The shunt gave me an uncomfortable feeling. I have had some great deals, some good deals, and some disasters. The disasters always seemed to be linked to the fortunes of the delivery drivers. My first Enfield, a lightened, rapid roadgoing ‘ Trials’, was delivered by two Poles who slept in supermarket car parks to save cash. A couple of bikes in their van had fallen over… so it was no great surprise that the Electra arrived with concrete forks.
With its chrome and flowing lines, the Electra Deluxe was telling me that it needed to be liberated from its strangled state into a fast, road-burning single in the tradition of the best British sporting singles. Some of you,
most of you, in fact all of you will probably be questioning the wisdom of this plan. How can you turn a cheap, Indian-made Enfield into a Gold Star? Well, you can’t, but there are no pockets in shrouds, so why not take a sow’s ear and make a feeble attempt at creating a passable purse, while saving at least £12k in the process? And if it all goes horribly wrong, then you have only blown some cash and will be laughed at forever…
The great thing about an Enfield is that Hitchcocks offer kits for all sorts of looks: trials, 1950s, café racer, hardtail – no problem, click, pay, collect. Within days, the Amal carb upgrade kit, dualseat, bars, cables, battery, toolbox conversion, bigger sprocket, chain, 1950s exhaust system, and more had arrived. Out came the horrible Mikcarb, airbox, exhaust and all the bits that add bulk and weight.
Start day arrived and we tickled the carb, primed the barrel by pulling in the decompressor, found compression and kicked, again and again. Nothing, just a vicious kick back and fart from the shiny expensive new bellmouth. Compression was so high you could stand on the kickstart and launch into a rant about politicians without moving. The electric start was useless. Finally, the bike caught, and throbbed, then died, then caught, and throbbed. After a few short runs we had a pseudo Gold Star for not a lot of money, I knew there was madness in the method.
A week later, I took a run to take in glorious May weather and enjoy a mug of tea while admiring the cheapo ‘Goldie’ glinting in the sun. But as I relaxed, I noticed a mist vaporising from the engine – oh no, it was a hairline tank fracture, with fuel wicking onto the crankcase. We limped home and an EFI tank converted for carb use was pressed into service.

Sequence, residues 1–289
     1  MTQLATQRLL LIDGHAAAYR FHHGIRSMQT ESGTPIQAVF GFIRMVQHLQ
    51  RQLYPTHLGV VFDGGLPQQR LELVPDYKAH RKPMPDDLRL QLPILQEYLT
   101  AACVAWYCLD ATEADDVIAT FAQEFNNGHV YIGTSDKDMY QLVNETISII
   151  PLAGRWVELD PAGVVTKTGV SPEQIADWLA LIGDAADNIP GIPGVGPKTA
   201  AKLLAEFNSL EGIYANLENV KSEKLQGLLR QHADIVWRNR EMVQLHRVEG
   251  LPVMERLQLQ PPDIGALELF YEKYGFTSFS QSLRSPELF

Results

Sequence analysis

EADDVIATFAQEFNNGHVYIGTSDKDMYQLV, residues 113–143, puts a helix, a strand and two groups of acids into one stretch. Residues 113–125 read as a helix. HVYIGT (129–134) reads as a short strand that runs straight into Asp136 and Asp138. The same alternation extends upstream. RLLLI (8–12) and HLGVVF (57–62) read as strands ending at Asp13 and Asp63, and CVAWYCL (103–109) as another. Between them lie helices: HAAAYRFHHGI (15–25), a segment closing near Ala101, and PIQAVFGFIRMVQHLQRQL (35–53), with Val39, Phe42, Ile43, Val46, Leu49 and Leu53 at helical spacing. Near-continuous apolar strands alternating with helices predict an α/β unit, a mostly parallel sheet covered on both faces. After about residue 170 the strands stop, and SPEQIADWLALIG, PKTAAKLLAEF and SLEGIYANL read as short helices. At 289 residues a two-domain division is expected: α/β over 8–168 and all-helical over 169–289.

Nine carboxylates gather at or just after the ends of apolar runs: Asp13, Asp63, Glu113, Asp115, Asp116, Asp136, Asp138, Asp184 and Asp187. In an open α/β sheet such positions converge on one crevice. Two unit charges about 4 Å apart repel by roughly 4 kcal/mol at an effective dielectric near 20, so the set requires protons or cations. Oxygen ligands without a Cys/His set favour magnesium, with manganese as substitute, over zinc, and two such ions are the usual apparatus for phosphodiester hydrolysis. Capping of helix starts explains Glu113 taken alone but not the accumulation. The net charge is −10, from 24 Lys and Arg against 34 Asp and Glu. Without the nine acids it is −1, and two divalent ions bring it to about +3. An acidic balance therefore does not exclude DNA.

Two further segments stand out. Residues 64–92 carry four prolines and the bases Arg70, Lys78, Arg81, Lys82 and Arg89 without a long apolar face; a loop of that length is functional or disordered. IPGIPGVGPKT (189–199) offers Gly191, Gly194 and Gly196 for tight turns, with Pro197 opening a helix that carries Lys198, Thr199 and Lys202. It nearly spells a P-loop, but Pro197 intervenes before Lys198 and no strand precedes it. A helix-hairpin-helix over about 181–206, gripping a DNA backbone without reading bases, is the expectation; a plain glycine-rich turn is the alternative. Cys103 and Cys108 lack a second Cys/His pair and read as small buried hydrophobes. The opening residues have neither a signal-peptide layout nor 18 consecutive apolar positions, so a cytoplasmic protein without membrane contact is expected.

Back on the road, the bike did not like starting and was kicking back, producing a crunching noise when the kickstart returned to stationary. The electric start was useless unless the engine was hot, and the plug was sooting heavily, indicating carburation problems.
Shortly afterwards, it would not start, at all, despite leaping up to a great height and hurling my 11 stone down on the kickstart, which is what they used to do in cartoons for Gold Stars. Willie at Dynotech Ecosse diagnosed a faulty cheap and nasty original HT cap – the resistance was so high the spark was pitiful. A new NGK cap fixed that, but it was swiftly followed by a failed gearbox oil seal, and, finally, the awful cannibalism of the electric start sprag which ate itself into oblivion. ‘I have never seen this before,’ said Willie. I was now reduced to manual starting of a high compression, belligerent Indian Enfield that was refusing to be morphed into my cheapo Goldie.
We decided to put it on the dyno. It started easily enough and we fiddled with bellmouths on, bellmouths off, short bellmouths, no bellmouths, baffle in, baffle out. A glorious 27bhp was recorded at the rear wheel. We went for a second run, all good, then nothing: the bike died, dead, deceased, niet, nil points. The pushrods had jumped, leaving the exhaust valve open. The rods were very loose, and clearly had never been checked.
Finally, with the bike back together, it now goes as its architect intended. Thanks to a bigger 19 tooth front sprocket, it is nicely long-legged, with the classic urge of a sporting British single, happy at 60 in fourth gear, easily cruising at 70 in fifth and good for 80mph or possibly more if required. The exhaust delivers a mellow thud with an occasional crackle on the overrun, vibration is modest, and 80mpg or more is normal.
Is it a Gold Star replica? No. But did it deliver an enjoyable project which brought me into contact with odd people who understand the pointless madness of it all? Definitely! With a few modifications an Electra X can provide a decent facsimile of the traditional British sporting single at a modest cost.
Ian and his customised big single. Better than a basic Bullet? He says so!
Two Bullets, neither exactly as they left the factory. Which is the whole point…
The lean burn engine in all its tall glory. Trad RE bottom end, mated to a decently modern top half. The most instantly recognisable departure from stock is the Amal carb
Stuart’s Bullet is propelled by an earlier version of the engine: a trad RE top end to match its bottom
Several riders have suggested that the addition of the drive to the electric hoof at the front of the engine was not an aesthetic masterstroke. Stuart is among them
Observe the single-bolt fitting for the primary chaincase outer, along with the left-foot brake and unique housing for the ignition system
The drive side of the PMGS. To be fair, it does look rather like a Bullet, but it goes better than most, we’re assured
Left: A great device. Later Bullets come equipped with a 5-speed gearbox, which transforms the way they work out on the road
Right: An electric starter. These are great when they work, we’re told
A study in stoppers. The later machine boasts a single disc up front, while its earlier stablemate is hauled down from Top Speed by a 2ls drum. Both can work well
Stuart’s own Bullet, a little more trad RE than Ian’s
Both bikes rely on an sls drum to control the wild performance of the rear wheel. The later bike features modern-ish remote reservoir shocks, while the earlier looks more traditional in the bounce dept
Two takes on a single theme. Great machines, and so very ready to ride
Rider’s eye-view. Handsome choke lever, we felt